A Personal Story: Insurance Issues – Melinda & Dave, Orford


Melinda and Dave live in Orford, New Hampshire and have four children. Dave’s job offers dental insurance, but the rates are high. “We do have dental insurance available to us but. . . the family rate is so much higher than the individual rate, that unless you are going to have a lot of work done it doesn’t make sense financially to have the insurance for your kids. It’s cheaper to pay for expensive stuff out of pocket than to pay the higher rate for kids to be on our plan. . . We also have a dentist who we love that is not on the preferred provider list, and so it’s more expensive than if we had found somebody else. We’ve chosen to stay with her because we like her, we think she does good quality work, and we have a connection there. But it costs us more money.” Melinda explains that although the recommendation for cleanings is every six months, she tends to schedule cleanings for every eight months or so, in order to save money.

One of Melinda and Dave’s children, Angela, has special needs and is eligible for Medicaid. Because of her special needs she goes to a different dentist than the rest of the family, one who specializes in pediatric dentistry. Melinda feels that New Hampshire Medicaid is very good about dental care. They send regular reminders to go to the dentist, and they cover everything fully. Angela needed extensive sedated dental work done and it was all covered by Medicaid. Melinda’s one concern is that she feels that Angela’s dentist may have been able to catch some of her dental problems earlier if Melinda had started taking Angela to the dentist at a younger age. “I do think it’s kind of crazy how medical care and dental care are so separate. Even though we feel like we are getting really good medical care for her, her primary pediatrician was not saying, you need to take her to the dentist this year, even though she’s only one year old, just to see what’s going on. Somebody should have been telling us that. It wasn’t until it was to a crisis point that we took her to be seen and realized that there was all this horrible decay. I think that that’s not an uncommon story. I know that the pediatric dentist feels . . . that he’s seeing all these cases that should have been referred to him much sooner, and never were. I know he feels that the time line for checking out children’s teeth is too late. By the time they’re seen at age five, all their baby teeth have been in there for all this time and you could have seen decay happening but nobody ever looked.”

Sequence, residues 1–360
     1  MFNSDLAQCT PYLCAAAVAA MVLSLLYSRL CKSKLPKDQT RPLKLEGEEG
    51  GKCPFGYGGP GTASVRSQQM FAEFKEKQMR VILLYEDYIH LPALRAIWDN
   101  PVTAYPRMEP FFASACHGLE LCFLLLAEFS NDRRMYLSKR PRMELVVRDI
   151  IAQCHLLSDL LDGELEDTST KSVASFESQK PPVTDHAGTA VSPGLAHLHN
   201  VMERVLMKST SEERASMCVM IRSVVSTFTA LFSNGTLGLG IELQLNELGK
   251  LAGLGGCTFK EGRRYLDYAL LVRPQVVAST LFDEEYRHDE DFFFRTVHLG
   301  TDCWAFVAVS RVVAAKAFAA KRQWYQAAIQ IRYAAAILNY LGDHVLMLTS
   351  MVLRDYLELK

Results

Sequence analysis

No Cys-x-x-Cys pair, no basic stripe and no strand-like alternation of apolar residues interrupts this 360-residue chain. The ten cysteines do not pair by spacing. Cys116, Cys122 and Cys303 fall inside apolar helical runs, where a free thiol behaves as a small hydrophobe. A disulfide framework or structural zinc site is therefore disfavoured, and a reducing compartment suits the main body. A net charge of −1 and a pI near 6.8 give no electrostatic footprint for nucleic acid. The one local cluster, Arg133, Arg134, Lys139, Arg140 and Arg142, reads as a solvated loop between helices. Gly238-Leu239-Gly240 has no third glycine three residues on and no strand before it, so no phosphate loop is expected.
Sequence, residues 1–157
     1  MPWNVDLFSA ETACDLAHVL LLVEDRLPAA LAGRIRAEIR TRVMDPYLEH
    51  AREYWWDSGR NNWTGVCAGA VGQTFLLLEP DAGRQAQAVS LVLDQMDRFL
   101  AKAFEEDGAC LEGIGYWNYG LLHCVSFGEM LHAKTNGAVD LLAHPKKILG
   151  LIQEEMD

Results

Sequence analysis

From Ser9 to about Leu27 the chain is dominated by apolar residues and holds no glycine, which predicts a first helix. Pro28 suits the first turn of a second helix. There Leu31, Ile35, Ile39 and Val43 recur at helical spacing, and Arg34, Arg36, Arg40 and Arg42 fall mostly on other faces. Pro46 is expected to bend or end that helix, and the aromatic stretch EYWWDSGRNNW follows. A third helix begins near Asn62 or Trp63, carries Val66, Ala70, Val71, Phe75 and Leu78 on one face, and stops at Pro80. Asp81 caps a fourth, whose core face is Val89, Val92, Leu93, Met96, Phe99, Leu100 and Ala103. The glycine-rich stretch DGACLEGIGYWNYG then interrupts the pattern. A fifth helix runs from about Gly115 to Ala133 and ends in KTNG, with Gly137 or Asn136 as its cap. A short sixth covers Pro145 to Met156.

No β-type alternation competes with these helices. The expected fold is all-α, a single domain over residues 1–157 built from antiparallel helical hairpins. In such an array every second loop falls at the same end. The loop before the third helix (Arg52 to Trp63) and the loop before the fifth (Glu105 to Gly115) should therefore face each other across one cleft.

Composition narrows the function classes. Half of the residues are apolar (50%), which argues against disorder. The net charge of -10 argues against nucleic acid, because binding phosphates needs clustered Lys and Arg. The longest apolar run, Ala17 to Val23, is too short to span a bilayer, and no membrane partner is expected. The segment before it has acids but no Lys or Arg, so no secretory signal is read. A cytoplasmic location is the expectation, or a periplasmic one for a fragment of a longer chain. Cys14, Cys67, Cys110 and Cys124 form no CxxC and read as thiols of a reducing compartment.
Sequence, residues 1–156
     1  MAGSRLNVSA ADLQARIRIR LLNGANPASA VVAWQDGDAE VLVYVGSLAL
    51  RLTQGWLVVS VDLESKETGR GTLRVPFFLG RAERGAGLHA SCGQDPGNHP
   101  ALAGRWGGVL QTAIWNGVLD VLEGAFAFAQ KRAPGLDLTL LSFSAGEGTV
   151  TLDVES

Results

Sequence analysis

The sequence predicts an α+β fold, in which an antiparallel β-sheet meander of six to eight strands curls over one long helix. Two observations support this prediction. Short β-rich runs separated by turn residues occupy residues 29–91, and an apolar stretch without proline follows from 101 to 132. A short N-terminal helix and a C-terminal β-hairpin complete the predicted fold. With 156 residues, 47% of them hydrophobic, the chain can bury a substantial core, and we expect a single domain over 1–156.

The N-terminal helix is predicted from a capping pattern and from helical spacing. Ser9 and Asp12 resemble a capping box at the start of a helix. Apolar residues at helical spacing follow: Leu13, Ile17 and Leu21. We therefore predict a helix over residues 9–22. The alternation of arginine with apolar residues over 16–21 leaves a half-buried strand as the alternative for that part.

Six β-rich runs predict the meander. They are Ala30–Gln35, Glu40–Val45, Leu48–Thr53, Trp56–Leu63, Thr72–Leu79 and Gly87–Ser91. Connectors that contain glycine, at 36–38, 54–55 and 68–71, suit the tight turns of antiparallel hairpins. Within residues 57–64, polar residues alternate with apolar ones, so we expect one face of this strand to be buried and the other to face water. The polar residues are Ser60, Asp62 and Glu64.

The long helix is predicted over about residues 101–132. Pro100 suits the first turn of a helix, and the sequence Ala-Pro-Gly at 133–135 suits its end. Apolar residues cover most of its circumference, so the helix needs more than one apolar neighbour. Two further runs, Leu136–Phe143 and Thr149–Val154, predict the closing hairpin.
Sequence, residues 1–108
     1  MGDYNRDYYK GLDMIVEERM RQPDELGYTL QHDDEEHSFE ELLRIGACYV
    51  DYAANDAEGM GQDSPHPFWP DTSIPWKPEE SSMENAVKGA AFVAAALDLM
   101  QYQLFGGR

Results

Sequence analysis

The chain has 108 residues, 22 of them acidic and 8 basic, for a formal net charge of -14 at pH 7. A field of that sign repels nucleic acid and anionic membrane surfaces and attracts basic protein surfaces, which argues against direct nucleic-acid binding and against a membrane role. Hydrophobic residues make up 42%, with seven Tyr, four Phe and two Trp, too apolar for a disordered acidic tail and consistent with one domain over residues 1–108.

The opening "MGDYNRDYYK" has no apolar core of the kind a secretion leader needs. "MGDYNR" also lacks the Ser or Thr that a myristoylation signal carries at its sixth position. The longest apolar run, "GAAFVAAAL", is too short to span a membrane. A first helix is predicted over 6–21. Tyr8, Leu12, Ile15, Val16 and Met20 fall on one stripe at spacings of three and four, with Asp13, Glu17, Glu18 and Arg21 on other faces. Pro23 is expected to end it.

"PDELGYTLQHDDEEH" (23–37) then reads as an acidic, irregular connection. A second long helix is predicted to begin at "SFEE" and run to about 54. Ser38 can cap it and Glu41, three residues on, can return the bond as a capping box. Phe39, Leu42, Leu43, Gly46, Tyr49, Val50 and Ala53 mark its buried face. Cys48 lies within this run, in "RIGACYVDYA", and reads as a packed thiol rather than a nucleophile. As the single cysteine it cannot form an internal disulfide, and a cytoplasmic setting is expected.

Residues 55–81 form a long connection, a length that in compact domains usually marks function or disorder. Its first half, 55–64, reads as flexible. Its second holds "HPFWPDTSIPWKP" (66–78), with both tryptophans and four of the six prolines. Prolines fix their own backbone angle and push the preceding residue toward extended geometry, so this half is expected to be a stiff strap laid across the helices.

Illustration by Dennis Pacheco.

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